Malaysians waste almost 17,000 tonnes of food daily – that’s enough to feed 12 million people, three times a day, a recent study claims.
Research by the Solid Waste Management and Public Cleansing Corporation (SWCorp), which highlighted these alarming numbers, also said the amount of wasted food increases 15 to 20% during festive seasons.
But what if one can reduce this wastage and feed the needy at the same time?
Here's where the "Food Rangers" come in. The volunteers from the food distribution arm of the Malaysia Agathiyar Universal Mission Organisation (AUM) collects excess vegetarian food from functions such as weddings, birthday parties, and house warmings, among others, and delivers them to the homeless and the poor around Klang Valley.
Astro Ulagam spoke to R Sri Krsna, who together with his wife J Sri Deviy, initiated this campaign recently.
Sri Krsna said he’s been involved in feeding street people for several years, but made it a serious venture in the last five years, making it a twice-monthly affair.
"It started off as providing home-prepared food for the homeless, but soon it extended to providing basic medical checks/care for them.
"The initiative later expanded to include the poor living in low-cost housing. We provide basic necessities and groceries to them, and even refer those with documentation problems to the area's respective assemblypersons or MPs, for further assistance," he said when met recently.
The rise of Food RangersThe idea to distribute excess food came about after attending a function, where Sri Deviy spotted food wastage.
Thus came the idea for "Food Rangers", comprising about 10 volunteers from AUM. The initiative was started just last Saturday, and since posts about began being publicised on Facebook and WhatsApp, Sri Krsna has received over 100 calls from people wanting to donate excess food.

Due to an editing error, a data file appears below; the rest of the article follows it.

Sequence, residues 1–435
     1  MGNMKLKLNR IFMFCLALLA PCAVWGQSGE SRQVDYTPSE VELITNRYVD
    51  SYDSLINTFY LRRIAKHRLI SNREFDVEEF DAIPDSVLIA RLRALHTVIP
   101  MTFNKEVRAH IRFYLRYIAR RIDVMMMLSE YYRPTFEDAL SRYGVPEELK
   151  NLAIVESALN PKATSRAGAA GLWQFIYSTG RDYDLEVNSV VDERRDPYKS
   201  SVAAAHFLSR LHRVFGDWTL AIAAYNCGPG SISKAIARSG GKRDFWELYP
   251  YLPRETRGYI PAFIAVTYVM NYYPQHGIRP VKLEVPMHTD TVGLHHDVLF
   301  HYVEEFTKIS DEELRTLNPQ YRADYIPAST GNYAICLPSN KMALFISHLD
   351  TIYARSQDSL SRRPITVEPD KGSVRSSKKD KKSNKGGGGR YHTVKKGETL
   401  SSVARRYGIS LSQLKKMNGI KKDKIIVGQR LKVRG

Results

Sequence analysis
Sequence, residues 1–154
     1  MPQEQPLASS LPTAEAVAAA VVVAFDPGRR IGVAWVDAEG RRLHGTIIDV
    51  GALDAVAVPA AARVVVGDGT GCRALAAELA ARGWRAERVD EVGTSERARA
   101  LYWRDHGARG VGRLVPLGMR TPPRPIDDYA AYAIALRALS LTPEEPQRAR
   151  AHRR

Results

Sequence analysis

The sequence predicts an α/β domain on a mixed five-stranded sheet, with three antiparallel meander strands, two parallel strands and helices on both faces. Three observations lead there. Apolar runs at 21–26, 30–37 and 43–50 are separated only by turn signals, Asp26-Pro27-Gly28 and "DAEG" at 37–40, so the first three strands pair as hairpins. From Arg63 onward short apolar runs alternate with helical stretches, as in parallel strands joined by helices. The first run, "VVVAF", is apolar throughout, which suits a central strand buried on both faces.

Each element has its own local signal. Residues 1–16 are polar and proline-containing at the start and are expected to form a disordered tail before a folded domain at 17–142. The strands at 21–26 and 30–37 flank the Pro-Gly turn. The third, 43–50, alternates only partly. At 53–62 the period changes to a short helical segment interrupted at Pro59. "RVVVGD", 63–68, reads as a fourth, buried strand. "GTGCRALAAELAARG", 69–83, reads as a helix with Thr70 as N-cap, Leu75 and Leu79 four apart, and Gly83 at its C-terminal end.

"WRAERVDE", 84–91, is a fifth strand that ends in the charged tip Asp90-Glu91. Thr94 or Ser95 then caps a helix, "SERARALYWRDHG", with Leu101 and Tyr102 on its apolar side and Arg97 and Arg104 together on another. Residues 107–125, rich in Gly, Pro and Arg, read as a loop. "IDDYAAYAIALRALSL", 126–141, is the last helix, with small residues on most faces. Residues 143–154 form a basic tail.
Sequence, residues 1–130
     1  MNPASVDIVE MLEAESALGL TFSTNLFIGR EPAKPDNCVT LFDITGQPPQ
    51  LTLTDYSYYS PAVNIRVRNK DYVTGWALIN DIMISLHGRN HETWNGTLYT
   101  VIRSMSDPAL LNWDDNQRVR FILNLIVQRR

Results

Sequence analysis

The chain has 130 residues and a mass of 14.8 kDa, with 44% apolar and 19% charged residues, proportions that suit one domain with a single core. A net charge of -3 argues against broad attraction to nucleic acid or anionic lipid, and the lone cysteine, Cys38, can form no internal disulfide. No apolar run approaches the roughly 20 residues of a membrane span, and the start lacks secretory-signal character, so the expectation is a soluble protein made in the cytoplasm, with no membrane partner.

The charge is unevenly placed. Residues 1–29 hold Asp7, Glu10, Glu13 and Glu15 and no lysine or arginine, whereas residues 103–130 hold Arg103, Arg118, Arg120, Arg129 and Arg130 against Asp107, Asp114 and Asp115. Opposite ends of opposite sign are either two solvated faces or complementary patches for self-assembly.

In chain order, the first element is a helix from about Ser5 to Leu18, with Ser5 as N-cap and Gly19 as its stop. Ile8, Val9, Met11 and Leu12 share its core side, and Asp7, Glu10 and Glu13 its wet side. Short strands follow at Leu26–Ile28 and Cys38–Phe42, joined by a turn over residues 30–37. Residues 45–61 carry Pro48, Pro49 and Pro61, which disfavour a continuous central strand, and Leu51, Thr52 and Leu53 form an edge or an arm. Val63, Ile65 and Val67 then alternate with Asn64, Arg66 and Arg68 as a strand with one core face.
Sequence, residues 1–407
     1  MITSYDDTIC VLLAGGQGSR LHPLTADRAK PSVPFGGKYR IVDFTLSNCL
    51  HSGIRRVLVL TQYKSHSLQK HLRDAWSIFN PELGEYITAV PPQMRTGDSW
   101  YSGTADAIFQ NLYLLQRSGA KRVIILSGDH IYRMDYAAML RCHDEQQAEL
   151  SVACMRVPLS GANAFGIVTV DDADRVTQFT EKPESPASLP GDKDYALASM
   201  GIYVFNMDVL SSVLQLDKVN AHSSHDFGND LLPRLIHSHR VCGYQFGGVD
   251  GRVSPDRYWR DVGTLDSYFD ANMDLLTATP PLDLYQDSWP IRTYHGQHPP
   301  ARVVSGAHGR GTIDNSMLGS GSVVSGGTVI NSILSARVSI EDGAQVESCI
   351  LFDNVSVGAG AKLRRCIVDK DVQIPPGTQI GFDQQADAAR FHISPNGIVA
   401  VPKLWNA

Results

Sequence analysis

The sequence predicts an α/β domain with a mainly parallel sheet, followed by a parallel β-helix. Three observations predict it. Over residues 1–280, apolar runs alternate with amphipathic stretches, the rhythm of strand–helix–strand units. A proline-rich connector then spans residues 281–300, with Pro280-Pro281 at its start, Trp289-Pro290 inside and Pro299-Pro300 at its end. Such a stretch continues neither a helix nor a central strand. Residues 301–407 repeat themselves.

"We collect from various areas in the Klang Valley and deliver to places like Bukit Bintang, Jalan Chow Kit, and Masjid Jamek, daily.
"It is easier if the donated food is pre-packed, but if it is not, there is no problem, we can do it ourselves," said Sri Krsna.
According to the security surveillance consultant, he maintains close contact with other NGOs that run soup kitchens and street feeding programmes, to ensure his programme does not clash with their locations or timings.
"All I wish from those wanting to donate excess food is to give us ample notice -- ideally 7 days, or at least 48 hours.
"This is to allow us to plan logistics accordingly," he said.
Despite being busy with the "Food Ranger" programme, Sri Krsna still serves home-cooked food to the needy.
He is looking to establish a database comprising the details of the needy in the Klang Valley soon, to further streamline the distribution process, and hopefully, expand it to other states.
Sri Deviy, meanwhile, does not see cooking for hundreds of people frequently, for the street feeding programme, as a hassle, as "cooking is my passion."
Another factor that triggered her to donate food was witnessing Tamil school students from poor families skip their lessons, or go the whole afternoon before the start of their after school classes without food, as they can't afford a simple meal.
"I thought that food was a basic need. And if we help solve this problem, as in help cover the expenses for food for the students, then the money they have can go towards other expenses in schools," she said.
Charity starts from homeSri Krsna says everyone can contribute towards eradicating hunger if they did whatever little charity they can afford.
"People who earn RM1,000 will have their expenses to pay for, and when their income increases to RM3,000, their commitments will change accordingly.
"However, it will be fantastic if they can find it within themselves to feed just one mouth, a month, and maybe cultivate the habit in their children," he said.
Malaysians, in general, have been very generous in supporting his work, and for that, he is thankful, he added.
One can go a step further than merely satiating a hungry belly by teaching a person, or pointing the person involved towards learning a skill that they can use to survive in life, he opined.
"As cliched as it may sound, I believe in the saying 'teach a man to fish and he eats for a day, and teach him to fish, he eats for a lifetime'."
Those who wish to join the "Food Rangers" as volunteers, or wish to donate their excess food, can contact Sri Krsna at mobile number 012-3970431.
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Photo source: Sri Krsna